As things stand, Sino-Russian security continuity is only partially guaranteed on the shores of the Mediterranean and the Red Sea. This, bearing in mind that Egypt, which dominates the strategic Suez Canal, and Saudi Arabia, whose territory stretches along the Red Sea, not to mention Ethiopia, the demographic giant of the Horn of Africa, have all just joined the BRICS.

Destabilizing security in Central Asia and around Iran

The American strategy of containing Beijing does not stop with Russia: it extends to the Persian Gulf and Central Asia, where oil and gas, China’s titanic “Belt and Road” projects, and China’s commercial and economic partners – first and foremost Iran – abound.

Its geographical position to the south of the Persian Gulf and to the north of the Caspian Sea makes Tehran an essential regional power, situated at the crossroads of China, Russia and Turkey – in other words, at the crossroads of today’s major geopolitical issues.

Admittedly, Iran has no offshore military bases, but it does possess a major geostrategic asset that enables it to project its power throughout Western Asia, from the Gulf of Aden, through the Ansar Allah Houthi movement, to the Eastern Mediterranean, through the Lebanese Hezbollah and factions in Iraq and Syria – not to mention armed Palestinian factions. This “Axis of Resistance” gives Tehran strategic depth in a number of regional theaters of operation, and indirectly gives China the power to undermine Washington’s hegemonic ambitions in the region.

The NATO bloc’s plans to deploy a military presence in Armenia along the Zangezur corridor, that is, on Iran’s northern border, are naturally perceived by Tehran as an unacceptable American provocation. This Azeri-Armenian corridor is supposed to link the South Caucasus to Europe (via Turkey), but also to China (via the Caspian Sea and Central Asia). Clearly, a NATO presence would compromise the security of regional trade. Yet it is vital for China to diversify its trade routes, given Washington’s militarization of the China Sea and Indian Ocean, the sea lanes through which the majority of Chinese trade with West Asia, Africa and Europe transits.

Under the guise of securing the South Caucasus, this plan to deploy NATO on Iran’s borders also aims to strengthen Israel’s position in the Mediterranean, by diverting Iran from the ethnic cleansing underway in Gaza.

It is through the prism of these geopolitical rivalries that we need to understand the drastic sanctions imposed on Iran, US support for armed uprisings calling for regime change in the country, terrorist attacks targeting nuclear and defense sites, and even diplomatic representations. As for the armed insurrections of the separatists in Sistan-Baluchistan, they have the advantage of creating tensions on the Iranian-Pakistani border, not far from the strategic Strait of Hormuz, but also of hindering the implementation of the economic corridor linking Pakistan to the Chinese region of Xinjiang. This trade corridor is of the utmost importance, as it would enable China to bypass American provocations in the Arabian Sea and Indian Ocean, and save time by gaining direct access to the Gulf of Oman.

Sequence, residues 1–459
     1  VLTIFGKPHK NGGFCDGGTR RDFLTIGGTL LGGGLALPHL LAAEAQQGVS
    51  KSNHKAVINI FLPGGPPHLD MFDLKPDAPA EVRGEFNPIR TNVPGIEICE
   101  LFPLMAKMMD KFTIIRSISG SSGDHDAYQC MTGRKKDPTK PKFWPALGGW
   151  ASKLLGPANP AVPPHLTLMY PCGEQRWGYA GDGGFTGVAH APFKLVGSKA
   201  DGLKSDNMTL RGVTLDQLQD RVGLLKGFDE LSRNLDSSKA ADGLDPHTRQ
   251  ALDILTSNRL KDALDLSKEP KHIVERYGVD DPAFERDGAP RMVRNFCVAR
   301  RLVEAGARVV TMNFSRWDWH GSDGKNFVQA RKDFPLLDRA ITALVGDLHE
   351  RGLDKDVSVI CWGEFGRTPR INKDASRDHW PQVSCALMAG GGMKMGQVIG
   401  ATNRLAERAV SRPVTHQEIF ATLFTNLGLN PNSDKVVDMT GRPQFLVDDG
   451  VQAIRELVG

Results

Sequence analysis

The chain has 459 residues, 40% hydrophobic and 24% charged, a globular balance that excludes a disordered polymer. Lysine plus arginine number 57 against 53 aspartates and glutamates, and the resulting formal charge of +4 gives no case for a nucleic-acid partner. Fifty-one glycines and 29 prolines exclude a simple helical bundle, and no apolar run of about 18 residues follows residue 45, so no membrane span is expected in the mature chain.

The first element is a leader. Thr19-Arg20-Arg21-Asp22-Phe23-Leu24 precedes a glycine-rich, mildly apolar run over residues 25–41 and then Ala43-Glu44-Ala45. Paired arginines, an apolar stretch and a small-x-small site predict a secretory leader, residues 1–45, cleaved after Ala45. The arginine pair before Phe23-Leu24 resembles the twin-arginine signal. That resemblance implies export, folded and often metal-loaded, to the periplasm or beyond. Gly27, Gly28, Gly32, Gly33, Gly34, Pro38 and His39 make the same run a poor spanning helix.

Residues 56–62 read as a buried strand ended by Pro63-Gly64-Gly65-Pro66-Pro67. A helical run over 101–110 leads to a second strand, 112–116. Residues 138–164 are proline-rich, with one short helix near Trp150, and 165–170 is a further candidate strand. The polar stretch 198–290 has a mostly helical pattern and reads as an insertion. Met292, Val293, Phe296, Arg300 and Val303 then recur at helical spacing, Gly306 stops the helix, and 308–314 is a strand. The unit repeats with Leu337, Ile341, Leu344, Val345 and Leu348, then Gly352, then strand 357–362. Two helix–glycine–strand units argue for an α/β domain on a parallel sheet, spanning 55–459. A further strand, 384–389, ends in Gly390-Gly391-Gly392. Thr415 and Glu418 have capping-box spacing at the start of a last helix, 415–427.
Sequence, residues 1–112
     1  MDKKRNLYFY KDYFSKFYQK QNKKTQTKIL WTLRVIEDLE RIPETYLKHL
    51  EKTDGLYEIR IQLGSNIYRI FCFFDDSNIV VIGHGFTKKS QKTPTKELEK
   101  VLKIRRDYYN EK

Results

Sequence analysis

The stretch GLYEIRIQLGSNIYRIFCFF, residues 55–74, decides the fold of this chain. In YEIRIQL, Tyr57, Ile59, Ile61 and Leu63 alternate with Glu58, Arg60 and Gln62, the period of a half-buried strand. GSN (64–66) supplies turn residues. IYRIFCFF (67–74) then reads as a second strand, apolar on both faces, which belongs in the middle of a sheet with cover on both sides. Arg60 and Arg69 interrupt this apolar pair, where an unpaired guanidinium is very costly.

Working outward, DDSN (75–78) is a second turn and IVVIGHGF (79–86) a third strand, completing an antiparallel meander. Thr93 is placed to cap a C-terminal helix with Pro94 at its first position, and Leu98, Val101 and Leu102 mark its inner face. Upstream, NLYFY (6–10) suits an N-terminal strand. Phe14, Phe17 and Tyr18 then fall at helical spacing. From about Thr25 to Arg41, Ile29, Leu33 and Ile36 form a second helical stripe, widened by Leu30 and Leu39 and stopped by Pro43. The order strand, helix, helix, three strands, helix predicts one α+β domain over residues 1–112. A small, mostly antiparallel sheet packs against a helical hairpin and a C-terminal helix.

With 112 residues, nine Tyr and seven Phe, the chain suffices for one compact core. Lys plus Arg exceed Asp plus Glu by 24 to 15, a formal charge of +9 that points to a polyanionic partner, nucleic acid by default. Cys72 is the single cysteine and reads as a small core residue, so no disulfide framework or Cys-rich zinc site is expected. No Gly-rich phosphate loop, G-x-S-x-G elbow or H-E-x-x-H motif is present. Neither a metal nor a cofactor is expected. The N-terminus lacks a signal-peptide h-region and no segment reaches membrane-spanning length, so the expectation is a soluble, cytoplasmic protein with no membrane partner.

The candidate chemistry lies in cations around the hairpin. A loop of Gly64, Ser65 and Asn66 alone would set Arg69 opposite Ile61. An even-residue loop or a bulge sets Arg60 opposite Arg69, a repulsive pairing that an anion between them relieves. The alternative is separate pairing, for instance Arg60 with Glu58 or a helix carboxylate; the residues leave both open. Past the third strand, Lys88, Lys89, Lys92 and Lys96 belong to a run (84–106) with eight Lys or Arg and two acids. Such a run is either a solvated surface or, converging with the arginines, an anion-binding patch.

Like Iran and Russia, China has not escaped American methods of coercion: political, economic and military. These actions have reached such a level of hostility that the United States is even seeking to create tensions around the Strait of Malacca, vital to Beijing.

For the moment, Washington is compulsively pursuing the militarization of the entire Indo-Pacific region, sometimes threatening to equip South Korea with nuclear weapons, sometimes announcing the extension of the AUKUS to other countries in the region, or the reinforcement of American bases and troops. In this respect, the declarations of certain regional political figures, such as Shinzō Abe’s former special advisor, raise questions: rarely have we seen citizens so proud to see their country lose its sovereignty. But there are also clear-sighted voices, such as that of former Philippine President Rodrigo Duterte, for whom “The Americans are the ones pushing the Philippine government to go out there and find a quarrel and eventually maybe start a war”.

In any case, Washington has deployed considerable resources to deprive China of its logistical and security support, and sabotage its global architecture of cooperation. Seeing its position threatened by Beijing’s multi-continental power projections, Washington is seeking to hinder the New Silk Road projects, the strengthening of the SCO and BRICS, the adjustment of the international order to the interests of the Global South, as well as the ongoing process of de-dollarization.

By responding to these major geostrategic challenges in an exclusively hawkish manner, eschewing all diplomatic avenues and disdaining the legitimate concerns of Moscow, Tehran and Beijing, the United States paradoxically appears very weakened, behind the times, and short on imagination for renewing its place in the world. An observation that EU leaders should ponder.


Tito Ben Saba – Geopolitical consultant and analyst, especially for the online magazine “New Eastern Outlook”.